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|Also Known As:||Died:||December 26, 2001|
|Born:||April 5, 1929||Cause of Death:||heart attack|
|Birth Place:||Coventry, England, GB||Profession:||Cast ...|
Hawthorne was knighted by Queen Elizabeth II in 1998.
In 2000, he was diagnosed with cancer and had been undergoing chemotherapy just before his death from a heart attack.
On King George III: "What he tried to do was keep some of the mystique of the crown, while reaching out to the common folk. What has caused the undoing of the present royal family is the opening-up of their lives to the people and the media. There is no more mystique." --Nigel Hawthorne, to Nick Charles in Daily News, January 23, 1995.
"Acting is an escape. That's why I went into it. My father was personally affronted. He thought I should join the Civil Service, the Masons--do the proper things." --Hawthorne quoted in People, March 27, 1995.
The sad tale of co-star Paul Eddington of "Yes, Minister": "We were always being nominated for BAFTAs and for some reason I used to win. I knew it was hurtful to Paul. He told me that he was once in Australia at some huge function when someone came up to him and said, 'You've won the BAFTA!' Paul was so excited that he bought champagne for the whole room. Twenty minutes later, the guy came back and said, 'Sorry, it was the other bloke who won.'" --Hawthorne, quoted in the London Times, January 3, 1999.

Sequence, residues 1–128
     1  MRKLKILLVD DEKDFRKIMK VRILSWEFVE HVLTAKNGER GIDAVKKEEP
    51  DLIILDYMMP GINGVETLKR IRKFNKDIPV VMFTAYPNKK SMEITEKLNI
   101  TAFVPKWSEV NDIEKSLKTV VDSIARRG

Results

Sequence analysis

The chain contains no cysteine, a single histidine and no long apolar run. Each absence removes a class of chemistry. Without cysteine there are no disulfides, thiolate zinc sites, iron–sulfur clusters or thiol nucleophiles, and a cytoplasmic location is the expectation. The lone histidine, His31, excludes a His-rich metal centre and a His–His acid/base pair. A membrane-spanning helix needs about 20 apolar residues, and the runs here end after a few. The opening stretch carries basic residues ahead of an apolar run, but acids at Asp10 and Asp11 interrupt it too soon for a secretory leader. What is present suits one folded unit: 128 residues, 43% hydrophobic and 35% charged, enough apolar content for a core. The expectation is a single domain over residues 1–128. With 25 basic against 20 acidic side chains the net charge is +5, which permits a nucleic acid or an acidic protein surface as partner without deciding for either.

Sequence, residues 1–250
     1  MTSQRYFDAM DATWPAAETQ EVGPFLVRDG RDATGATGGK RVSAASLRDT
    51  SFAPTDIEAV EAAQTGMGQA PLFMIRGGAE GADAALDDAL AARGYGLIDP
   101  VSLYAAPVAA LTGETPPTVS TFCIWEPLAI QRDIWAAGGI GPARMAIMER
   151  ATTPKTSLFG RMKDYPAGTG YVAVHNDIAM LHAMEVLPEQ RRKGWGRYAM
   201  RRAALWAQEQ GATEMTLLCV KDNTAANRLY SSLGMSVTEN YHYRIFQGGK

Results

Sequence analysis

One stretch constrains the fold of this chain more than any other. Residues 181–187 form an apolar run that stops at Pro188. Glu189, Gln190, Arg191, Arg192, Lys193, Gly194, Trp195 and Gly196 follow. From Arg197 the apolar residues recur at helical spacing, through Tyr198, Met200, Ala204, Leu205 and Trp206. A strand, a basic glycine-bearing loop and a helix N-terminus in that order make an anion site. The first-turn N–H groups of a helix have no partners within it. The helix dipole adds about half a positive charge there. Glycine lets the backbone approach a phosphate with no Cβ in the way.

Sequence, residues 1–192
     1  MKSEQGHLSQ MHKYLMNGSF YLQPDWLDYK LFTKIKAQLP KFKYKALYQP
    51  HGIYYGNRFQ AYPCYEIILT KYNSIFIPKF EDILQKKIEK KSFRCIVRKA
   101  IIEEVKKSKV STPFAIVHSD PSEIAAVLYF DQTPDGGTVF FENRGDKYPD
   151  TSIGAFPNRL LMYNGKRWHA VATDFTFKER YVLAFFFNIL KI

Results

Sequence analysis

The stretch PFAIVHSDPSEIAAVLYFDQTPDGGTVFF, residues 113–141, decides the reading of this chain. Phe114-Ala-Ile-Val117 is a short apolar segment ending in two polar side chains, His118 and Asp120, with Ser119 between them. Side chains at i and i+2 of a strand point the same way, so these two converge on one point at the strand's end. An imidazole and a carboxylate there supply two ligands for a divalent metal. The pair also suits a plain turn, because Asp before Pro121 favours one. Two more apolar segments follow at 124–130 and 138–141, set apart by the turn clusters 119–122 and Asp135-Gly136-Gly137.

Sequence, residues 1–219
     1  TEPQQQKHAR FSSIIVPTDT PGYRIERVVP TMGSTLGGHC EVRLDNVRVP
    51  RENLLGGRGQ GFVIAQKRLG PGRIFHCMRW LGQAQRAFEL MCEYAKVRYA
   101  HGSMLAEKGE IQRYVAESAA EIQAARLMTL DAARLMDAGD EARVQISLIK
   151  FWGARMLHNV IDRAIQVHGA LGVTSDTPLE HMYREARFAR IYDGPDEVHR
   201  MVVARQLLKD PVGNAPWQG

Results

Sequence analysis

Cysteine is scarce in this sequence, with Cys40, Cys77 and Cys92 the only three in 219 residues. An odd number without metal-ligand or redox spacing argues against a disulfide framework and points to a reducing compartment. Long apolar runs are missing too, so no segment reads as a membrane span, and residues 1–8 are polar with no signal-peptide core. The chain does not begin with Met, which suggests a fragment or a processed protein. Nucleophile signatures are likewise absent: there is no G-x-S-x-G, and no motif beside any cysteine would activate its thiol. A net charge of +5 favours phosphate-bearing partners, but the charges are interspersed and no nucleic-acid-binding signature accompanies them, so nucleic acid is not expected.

About being "outed" after his 1994 Oscar nomination: "Surprise! Surprise! An Academy Award nomination and suddenly you're outed? Did I mind? Oh, very, very much ...
"Ian [McKellen] was always trying to get Trevor [Bentham, Hawthorne's longtime companion] and me to be outed. I said, 'That's crazy. I've spent my life playing heterosexuals! Why should I ruin my career?'
"Ian would say, 'because you'd help people.' I don't think I'd help people. I believe we are all equal. If that is how you are born into this world, I believe the most good you can do is to live in the community and be accepted. Trevor and I had been going to awards ceremonies for years. people knew. Look, if you don't get married by age 65, people know something's up." --Hawthorne quoted in Newsday, April 28, 1999.
On preferring film work to stage work: "I just have reached the age where it's very, very exhausting doing stage work, especially if you're playing leading roles, which I'm inclined to do. There's eight performances a week to get through, and very often the stuff that I get is very emotional or very physical ... I haven't missed a performance in my life, ever, which I suppose is some sort of madness." --Hawthorne, to Mark Caro in The Chicago Tribune, May 23, 1999.
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